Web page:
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Think Korean chipmakers will buy Arm? Think again

The UK chip designer is suing another firm that has an interest, so IPO it is?

Remember when Korean chipmakers Samsung and SK hynix were floated as potential buyers of UK chip designer Arm? Well, it seems that we can now count them out, which means Arm's owner, SoftBank Group, will likely have to move forward with its planned initial public offering.

After stating a potential interest in forming a consortium to acquire Arm back in March, SK hynix said it no longer has any intentions of doing so in a recent regulatory filing.  

Last week the South Korean memory maker said it "put various strategic options on the table to strengthen our competitive edge and enhance shareholder value, but we hereby notify that there is no ongoing process for consortium-based acquisition of Arm as of now," according to The Korea Herald.

Samsung is apparently not interested either.

Speculation about the electronics behemoth's interest in Arm was largely based on a planned meeting in early October between Samsung executives and SoftBank mogul Masayoshi Son. The collective was expected to discuss a "strategic alliance." though there was no mention during the meeting of Samsung potentially investing in Arm or acquiring the company, according to South Korea's JoongAng Daily newspaper.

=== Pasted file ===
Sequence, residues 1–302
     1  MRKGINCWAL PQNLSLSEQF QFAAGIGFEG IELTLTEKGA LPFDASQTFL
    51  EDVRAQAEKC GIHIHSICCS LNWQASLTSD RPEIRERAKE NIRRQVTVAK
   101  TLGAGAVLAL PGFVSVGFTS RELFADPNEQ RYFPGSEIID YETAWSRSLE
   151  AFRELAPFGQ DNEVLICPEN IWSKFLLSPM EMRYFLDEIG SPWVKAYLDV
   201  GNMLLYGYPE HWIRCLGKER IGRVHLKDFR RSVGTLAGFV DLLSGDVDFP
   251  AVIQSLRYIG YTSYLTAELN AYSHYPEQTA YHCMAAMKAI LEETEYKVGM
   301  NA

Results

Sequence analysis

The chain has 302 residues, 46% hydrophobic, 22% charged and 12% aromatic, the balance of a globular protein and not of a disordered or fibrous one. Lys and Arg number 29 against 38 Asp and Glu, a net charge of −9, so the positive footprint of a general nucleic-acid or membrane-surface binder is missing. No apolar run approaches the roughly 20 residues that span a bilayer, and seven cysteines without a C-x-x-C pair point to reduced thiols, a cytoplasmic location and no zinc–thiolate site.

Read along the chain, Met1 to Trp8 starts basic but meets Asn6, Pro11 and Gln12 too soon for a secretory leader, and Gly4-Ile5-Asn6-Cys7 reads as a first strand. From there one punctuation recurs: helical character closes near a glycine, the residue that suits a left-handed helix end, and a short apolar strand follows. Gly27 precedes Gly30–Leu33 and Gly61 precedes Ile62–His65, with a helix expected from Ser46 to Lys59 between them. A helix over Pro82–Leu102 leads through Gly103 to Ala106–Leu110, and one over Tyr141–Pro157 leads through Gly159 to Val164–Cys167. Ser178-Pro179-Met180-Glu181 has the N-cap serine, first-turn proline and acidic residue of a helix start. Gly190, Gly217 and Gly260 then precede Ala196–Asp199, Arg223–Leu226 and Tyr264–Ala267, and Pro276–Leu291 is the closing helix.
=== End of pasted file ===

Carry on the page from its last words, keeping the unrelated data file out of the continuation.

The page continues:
US-based Qualcomm is the other semiconductor company that had previously expressed an interest in buying a stake in Arm, but at this juncture, that seems unlikely given that the two are now embroiled in a bitter legal feud over the terms of Arm's architectural licenses. Like SK hynix, Qualcomm was interested in forming a consortium to own Arm.

Of course, this all comes after Nvidia's estimated $66 billion plan to buy Arm fell through in February due to "significant regulatory challenges" and anticompetition concerns in the tech industry.

SoftBank's failure to see the Nvidia deal through prompted the Japanese investment giant to prepare Arm for an IPO, which would return the chip design giant to the public market after leaving in 2016.

The current Arm IPO plan has gone through its own trouble, which has largely been focused on where SoftBank should list the chip designer. The UK has been strongly pushing for Arm to list on the London Stock Exchange in addition to New York-based NASDAQ after SoftBank reportedly stalled on plans to list the semiconductor company's shares in the UK.  

Most recently, Arm hired former Splunk CFO Jason Child, who has experience with taking companies public. SoftBank hasn't set a date for the IPO yet. ®

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